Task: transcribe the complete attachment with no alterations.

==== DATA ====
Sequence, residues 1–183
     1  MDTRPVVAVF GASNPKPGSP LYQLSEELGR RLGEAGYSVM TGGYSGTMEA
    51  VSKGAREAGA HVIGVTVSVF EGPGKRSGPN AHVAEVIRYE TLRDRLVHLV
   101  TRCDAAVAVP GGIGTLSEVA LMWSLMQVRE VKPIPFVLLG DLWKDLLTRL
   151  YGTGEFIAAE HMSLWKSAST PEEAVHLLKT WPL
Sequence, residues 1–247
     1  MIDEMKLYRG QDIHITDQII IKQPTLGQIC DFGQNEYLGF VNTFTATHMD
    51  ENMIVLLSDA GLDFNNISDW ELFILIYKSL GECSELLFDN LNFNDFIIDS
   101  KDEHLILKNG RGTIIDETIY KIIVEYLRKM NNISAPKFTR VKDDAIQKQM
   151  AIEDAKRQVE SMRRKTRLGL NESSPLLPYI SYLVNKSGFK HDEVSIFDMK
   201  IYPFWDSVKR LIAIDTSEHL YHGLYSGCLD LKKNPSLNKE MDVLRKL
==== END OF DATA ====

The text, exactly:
Sequence, residues 1–183
     1  MDTRPVVAVF GASNPKPGSP LYQLSEELGR RLGEAGYSVM TGGYSGTMEA
    51  VSKGAREAGA HVIGVTVSVF EGPGKRSGPN AHVAEVIRYE TLRDRLVHLV
   101  TRCDAAVAVP GGIGTLSEVA LMWSLMQVRE VKPIPFVLLG DLWKDLLTRL
   151  YGTGEFIAAE HMSLWKSAST PEEAVHLLKT WPL
Sequence, residues 1–247
     1  MIDEMKLYRG QDIHITDQII IKQPTLGQIC DFGQNEYLGF VNTFTATHMD
    51  ENMIVLLSDA GLDFNNISDW ELFILIYKSL GECSELLFDN LNFNDFIIDS
   101  KDEHLILKNG RGTIIDETIY KIIVEYLRKM NNISAPKFTR VKDDAIQKQM
   151  AIEDAKRQVE SMRRKTRLGL NESSPLLPYI SYLVNKSGFK HDEVSIFDMK
   201  IYPFWDSVKR LIAIDTSEHL YHGLYSGCLD LKKNPSLNKE MDVLRKL